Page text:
abstract = "Increasing global interconnectivity, population, and economic growth, and the mutual interdependence of economic and ecological systems, can serve both to reduce vulnerability and to amplify disaster risks (high confidence). Global development pathways are becoming a more important factor in the management of vulnerability and disaster risk. [7.2.1] The international community has accumulated substantial experience in providing help for disasters and risk management in the context of localized and short-term events associated with climate variability and extremes. Experience in disaster risk management includes both bottom-up and top-down approaches, but most often has developed from disasters considered first as local issues, then at the national level, and only at the international level where needs exceed national capacity, especially in terms of humanitarian assistance and capacity building. [7.2.4] There are two main mechanisms at the international level that are purpose-built and dedicated to disaster risk management and climate change adaptation. These are the United Nations International Strategy for Disaster Reduction (UNISDR) and the United Nations Framework Convention on Climate Change (UNFCCC), in particular in its adaptation components. This chapter focuses on these two bodies while recognizing that there are many others that have an international role to play. Page limitations require a selective approach and a comprehensive assessment of all relevant bodies is impractical. The UNISDR and the UNFCCC are very different institutions with different mandates and scope and objectives, and with varying strengths and capacities (high confidence).",
author = "Ian Burton and Dube, {O. Pauline} and Diarmid Campbell-Lendrum and Ian Davis and Klein, {Richard J T} and Joanne Linnerooth-Bayer and Apurva Sanghi and Ferenc Toth and Pereira, {Joy Jacqueline} and Linda Sygna and Neil Adger and Thea Dickinson and Kris Ebi and Islam, {Md Tarik Ul} and Siebert, {Clarisse Kehler}",
year = "2012",
month = "1",
day = "1",
doi = "10.1017/CBO9781139177245.010",
language = "English",
isbn = "9781139177245",
pages = "393--436",
booktitle = "Managing the Risks of Extreme Events and Disasters to Advance Climate Change Adaptation: Special Report of the Intergovernmental Panel on Climate Change",
publisher = "Cambridge University Press",

}

TY - CHAP

T1 - Managing the risks

T2 - International level and integration across scales

AU - Burton, Ian

AU - Dube, O. Pauline

AU - Campbell-Lendrum, Diarmid

AU - Davis, Ian

AU - Klein, Richard J T

AU - Linnerooth-Bayer, Joanne

AU - Sanghi, Apurva

AU - Toth, Ferenc

AU - Pereira, Joy Jacqueline

AU - Sygna, Linda

AU - Adger, Neil

AU - Dickinson, Thea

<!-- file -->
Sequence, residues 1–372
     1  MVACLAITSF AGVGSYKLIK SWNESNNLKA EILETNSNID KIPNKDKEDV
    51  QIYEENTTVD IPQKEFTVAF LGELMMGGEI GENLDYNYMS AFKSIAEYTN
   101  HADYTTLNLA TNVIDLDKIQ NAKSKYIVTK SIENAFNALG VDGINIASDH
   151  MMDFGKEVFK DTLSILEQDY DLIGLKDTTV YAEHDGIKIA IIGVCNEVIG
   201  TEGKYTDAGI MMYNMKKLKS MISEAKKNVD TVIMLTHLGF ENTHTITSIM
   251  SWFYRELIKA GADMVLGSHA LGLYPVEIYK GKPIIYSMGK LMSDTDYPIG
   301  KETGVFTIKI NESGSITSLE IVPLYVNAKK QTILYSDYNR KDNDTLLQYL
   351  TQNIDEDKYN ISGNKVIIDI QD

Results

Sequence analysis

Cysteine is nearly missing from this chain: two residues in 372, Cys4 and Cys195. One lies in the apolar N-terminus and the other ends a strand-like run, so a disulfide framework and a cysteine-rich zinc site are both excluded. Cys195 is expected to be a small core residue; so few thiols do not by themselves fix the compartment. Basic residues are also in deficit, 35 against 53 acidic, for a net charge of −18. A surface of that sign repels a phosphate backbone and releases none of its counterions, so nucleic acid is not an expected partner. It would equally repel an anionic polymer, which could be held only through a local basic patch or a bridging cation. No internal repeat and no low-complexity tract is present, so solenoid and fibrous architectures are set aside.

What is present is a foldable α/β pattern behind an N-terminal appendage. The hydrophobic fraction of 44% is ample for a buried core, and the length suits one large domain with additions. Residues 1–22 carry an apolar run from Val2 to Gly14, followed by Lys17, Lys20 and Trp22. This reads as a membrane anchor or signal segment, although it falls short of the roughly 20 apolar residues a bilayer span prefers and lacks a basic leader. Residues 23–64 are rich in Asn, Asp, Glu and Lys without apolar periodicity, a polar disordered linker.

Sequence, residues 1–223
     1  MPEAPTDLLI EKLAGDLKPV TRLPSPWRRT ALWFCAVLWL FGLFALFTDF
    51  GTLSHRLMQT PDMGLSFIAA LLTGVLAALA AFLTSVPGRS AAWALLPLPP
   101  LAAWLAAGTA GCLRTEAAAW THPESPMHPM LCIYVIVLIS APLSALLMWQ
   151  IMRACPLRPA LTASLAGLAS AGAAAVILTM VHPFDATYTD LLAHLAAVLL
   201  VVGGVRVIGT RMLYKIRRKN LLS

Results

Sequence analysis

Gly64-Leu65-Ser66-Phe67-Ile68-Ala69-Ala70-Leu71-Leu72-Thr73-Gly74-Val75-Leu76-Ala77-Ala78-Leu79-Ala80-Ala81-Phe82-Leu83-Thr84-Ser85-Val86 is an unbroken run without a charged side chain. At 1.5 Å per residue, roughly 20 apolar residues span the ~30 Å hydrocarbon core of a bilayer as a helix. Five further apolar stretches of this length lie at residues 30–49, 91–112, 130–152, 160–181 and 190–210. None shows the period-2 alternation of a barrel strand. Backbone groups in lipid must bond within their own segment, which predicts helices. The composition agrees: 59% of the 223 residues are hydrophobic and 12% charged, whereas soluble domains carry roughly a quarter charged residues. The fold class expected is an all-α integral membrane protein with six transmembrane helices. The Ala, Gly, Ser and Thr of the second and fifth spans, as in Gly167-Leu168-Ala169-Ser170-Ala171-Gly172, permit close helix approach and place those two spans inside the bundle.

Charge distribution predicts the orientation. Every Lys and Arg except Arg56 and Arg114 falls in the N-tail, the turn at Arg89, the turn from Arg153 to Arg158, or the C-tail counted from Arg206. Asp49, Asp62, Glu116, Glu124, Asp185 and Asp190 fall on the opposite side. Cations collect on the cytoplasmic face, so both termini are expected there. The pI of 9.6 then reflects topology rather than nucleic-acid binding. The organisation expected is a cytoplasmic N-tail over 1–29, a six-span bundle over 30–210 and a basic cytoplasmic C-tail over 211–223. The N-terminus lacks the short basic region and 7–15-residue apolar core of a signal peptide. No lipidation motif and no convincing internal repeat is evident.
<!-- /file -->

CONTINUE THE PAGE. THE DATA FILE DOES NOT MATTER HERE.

AU - Ebi, Kris

AU - Islam, Md Tarik Ul

AU - Siebert, Clarisse Kehler

PY - 2012/1/1

Y1 - 2012/1/1

N2 - Increasing global interconnectivity, population, and economic growth, and the mutual interdependence of economic and ecological systems, can serve both to reduce vulnerability and to amplify disaster risks (high confidence). Global development pathways are becoming a more important factor in the management of vulnerability and disaster risk. [7.2.1] The international community has accumulated substantial experience in providing help for disasters and risk management in the context of localized and short-term events associated with climate variability and extremes. Experience in disaster risk management includes both bottom-up and top-down approaches, but most often has developed from disasters considered first as local issues, then at the national level, and only at the international level where needs exceed national capacity, especially in terms of humanitarian assistance and capacity building. [7.2.4] There are two main mechanisms at the international level that are purpose-built and dedicated to disaster risk management and climate change adaptation. These are the United Nations International Strategy for Disaster Reduction (UNISDR) and the United Nations Framework Convention on Climate Change (UNFCCC), in particular in its adaptation components. This chapter focuses on these two bodies while recognizing that there are many others that have an international role to play. Page limitations require a selective approach and a comprehensive assessment of all relevant bodies is impractical. The UNISDR and the UNFCCC are very different institutions with different mandates and scope and objectives, and with varying strengths and capacities (high confidence).

AB - Increasing global interconnectivity, population, and economic growth, and the mutual interdependence of economic and ecological systems, can serve both to reduce vulnerability and to amplify disaster risks (high confidence). Global development pathways are becoming a more important factor in the management of vulnerability and disaster risk. [7.2.1] The international community has accumulated substantial experience in providing help for disasters and risk management in the context of localized and short-term events associated with climate variability and extremes. Experience in disaster risk management includes both bottom-up and top-down approaches, but most often has developed from disasters considered first as local issues, then at the national level, and only at the international level where needs exceed national capacity, especially in terms of humanitarian assistance and capacity building. [7.2.4] There are two main mechanisms at the international level that are purpose-built and dedicated to disaster risk management and climate change adaptation. These are the United Nations International Strategy for Disaster Reduction (UNISDR) and the United Nations Framework Convention on Climate Change (UNFCCC), in particular in its adaptation components. This chapter focuses on these two bodies while recognizing that there are many others that have an international role to play. Page limitations require a selective approach and a comprehensive assessment of all relevant bodies is impractical. The UNISDR and the UNFCCC are very different institutions with different mandates and scope and objectives, and with varying strengths and capacities (high confidence).

UR - http://www.scopus.com/inward/record.url?scp=84888026734&partnerID=8YFLogxK

UR - http://www.scopus.com/inward/citedby.url?scp=84888026734&partnerID=8YFLogxK

U2 - 10.1017/CBO9781139177245.010

DO - 10.1017/CBO9781139177245.010

M3 - Chapter

AN - SCOPUS:84888026734

SN - 9781139177245

SN - 9781107025066

SP - 393

EP - 436

BT - Managing the Risks of Extreme Events and Disasters to Advance Climate Change Adaptation: Special Report of the Intergovernmental Panel on Climate Change

PB - Cambridge University Press

ER -